|HOUSEHOLD REFINANCING ACCELERATES IN FIRST QUARTER 2002
Low Mortgage Rates Entice Homeowners To Continue To Dip Into Equity
MCLEAN, VA (May 1, 2002) -- In the first quarter of 2002, 61 percent of Freddie Mac-owned loans that were refinanced resulted in new mortgages at least five percent higher in amount than the original mortgages, according to Freddie Mac's quarterly refinance review. This is in contrast to the first quarter of 2001, when 51 percent of refinanced loans had higher loan amounts and mortgage rates were comparable to what they were in the first quarter of 2002. In the fourth quarter of 2001, 48 percent of refinanced originations had higher new loan amounts.
"Mortgage rates remained very low and very affordable during the first 3 months of this year, slipping below 7 percent to make refinancing an attractive option," said Frank Nothaft, Freddie Mac chief economist. "Additionally, we saw the average value of homes grow by more than 7 percent nationally over the past year, which encourages homeowners to borrow some of the accrued equity in their home.
"On average, homeowners who refinanced their mortgages in the first quarter shaved over a percentage point off of their original loan. Most of these loans were for fixed-rate mortgages in which homeowners sought to take advantage of the historically low interest rates and secure them for the next 15 to 30 years."
Freddie Mac's quarterly economic forecast currently calls for 30-year fixed-rate mortgage rates (FRMs) to hover just around 7 percent through the spring of the year at the least. Presently, Freddie Mac's weekly mortgage rate survey shows the 30-year FRM is still below 7 percent, enabling potential homebuyers to take advantage of generational low mortgage rates.
"In the first quarter of 2002, refinancings made up about half of new mortgages originated, compared to the first quarter 2001 when refinancings made up about 60 percent of the market," added Nothaft. "We project that the refinance share will fall back to around 30 percent of originations by the fourth quarter of 2002 as everyone who has an incentive to refinance most likely will have done so by then.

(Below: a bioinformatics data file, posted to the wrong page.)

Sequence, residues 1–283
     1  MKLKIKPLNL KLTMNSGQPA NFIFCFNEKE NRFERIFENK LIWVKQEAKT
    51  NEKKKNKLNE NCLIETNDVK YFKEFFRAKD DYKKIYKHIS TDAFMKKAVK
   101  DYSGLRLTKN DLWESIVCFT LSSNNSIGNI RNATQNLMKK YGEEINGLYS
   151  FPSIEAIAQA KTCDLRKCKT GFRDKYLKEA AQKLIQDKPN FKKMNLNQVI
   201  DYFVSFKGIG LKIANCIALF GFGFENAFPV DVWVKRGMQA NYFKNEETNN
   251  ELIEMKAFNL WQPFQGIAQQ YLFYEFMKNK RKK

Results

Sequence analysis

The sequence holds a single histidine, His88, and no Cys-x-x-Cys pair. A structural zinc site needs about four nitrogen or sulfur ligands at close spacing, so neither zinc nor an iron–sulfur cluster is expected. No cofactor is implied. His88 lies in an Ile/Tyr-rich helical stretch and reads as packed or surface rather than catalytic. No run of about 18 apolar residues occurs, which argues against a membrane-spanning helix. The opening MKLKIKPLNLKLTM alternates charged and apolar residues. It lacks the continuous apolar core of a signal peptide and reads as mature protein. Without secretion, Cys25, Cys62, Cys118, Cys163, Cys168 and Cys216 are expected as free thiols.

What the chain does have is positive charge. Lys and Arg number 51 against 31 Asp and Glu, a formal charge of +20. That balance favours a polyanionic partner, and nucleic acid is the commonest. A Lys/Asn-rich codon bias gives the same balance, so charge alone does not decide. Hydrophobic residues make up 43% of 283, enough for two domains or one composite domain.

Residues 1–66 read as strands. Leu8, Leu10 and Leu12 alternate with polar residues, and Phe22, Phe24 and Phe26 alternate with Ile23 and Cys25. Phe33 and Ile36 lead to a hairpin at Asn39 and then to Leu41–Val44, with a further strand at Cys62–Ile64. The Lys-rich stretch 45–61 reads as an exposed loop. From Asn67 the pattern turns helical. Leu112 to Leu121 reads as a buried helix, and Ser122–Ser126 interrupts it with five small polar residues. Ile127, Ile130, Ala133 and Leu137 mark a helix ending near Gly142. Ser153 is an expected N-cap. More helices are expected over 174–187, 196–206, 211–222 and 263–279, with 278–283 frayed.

Freddie Mac's Conventional Mortgage Home Price Index shows the cumulative growth in the value of housing, on a national average, to be 37.1 percent over the past 5 years. Freddie Mac's economists forecast an annualized growth rate of 3 percent for the rest of the year. Our forecast indicates house-price growth will not be as robust as previous years as the effects of the "recessionette" filter into the housing market.
Freddie Mac's quarterly refinancing review also found that the median age of the refinanced loan was 3.8 years in the first quarter of 2002, more than double the median age of loans refinanced in the first three months of 2001. Only about 11 percent of mortgages refinanced in the first quarter of 2002 had lower new loan amounts. The review also found that properties refinanced during the first quarter 2002 experienced a median house-price appreciation of 17 percent during the time since the original loan was made, up from 11 percent for loans refinanced in first quarter 2001."
These estimates come from a sample of properties on which Freddie Mac has funded at least two successive loans. Transactions are further screened to ensure that the latest loan is for refinance rather than home purchase. The Freddie Mac survey does not track the use of funds made available from these refinances.